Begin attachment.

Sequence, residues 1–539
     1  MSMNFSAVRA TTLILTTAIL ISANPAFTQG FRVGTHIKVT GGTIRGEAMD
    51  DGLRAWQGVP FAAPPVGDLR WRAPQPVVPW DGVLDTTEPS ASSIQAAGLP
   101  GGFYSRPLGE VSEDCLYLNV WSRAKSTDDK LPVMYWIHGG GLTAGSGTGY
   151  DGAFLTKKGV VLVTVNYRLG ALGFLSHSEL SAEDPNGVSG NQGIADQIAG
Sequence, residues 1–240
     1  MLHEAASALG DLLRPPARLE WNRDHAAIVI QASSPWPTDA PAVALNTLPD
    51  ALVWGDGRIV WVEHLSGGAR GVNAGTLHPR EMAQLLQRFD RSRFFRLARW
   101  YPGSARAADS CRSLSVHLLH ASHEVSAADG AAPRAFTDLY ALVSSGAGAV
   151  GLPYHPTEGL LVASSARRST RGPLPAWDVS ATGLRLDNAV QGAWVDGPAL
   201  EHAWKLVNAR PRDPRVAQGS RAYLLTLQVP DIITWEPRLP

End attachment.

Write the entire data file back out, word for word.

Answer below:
Sequence, residues 1–539
     1  MSMNFSAVRA TTLILTTAIL ISANPAFTQG FRVGTHIKVT GGTIRGEAMD
    51  DGLRAWQGVP FAAPPVGDLR WRAPQPVVPW DGVLDTTEPS ASSIQAAGLP
   101  GGFYSRPLGE VSEDCLYLNV WSRAKSTDDK LPVMYWIHGG GLTAGSGTGY
   151  DGAFLTKKGV VLVTVNYRLG ALGFLSHSEL SAEDPNGVSG NQGIADQIAG
Sequence, residues 1–240
     1  MLHEAASALG DLLRPPARLE WNRDHAAIVI QASSPWPTDA PAVALNTLPD
    51  ALVWGDGRIV WVEHLSGGAR GVNAGTLHPR EMAQLLQRFD RSRFFRLARW
   101  YPGSARAADS CRSLSVHLLH ASHEVSAADG AAPRAFTDLY ALVSSGAGAV
   151  GLPYHPTEGL LVASSARRST RGPLPAWDVS ATGLRLDNAV QGAWVDGPAL
   201  EHAWKLVNAR PRDPRVAQGS RAYLLTLQVP DIITWEPRLP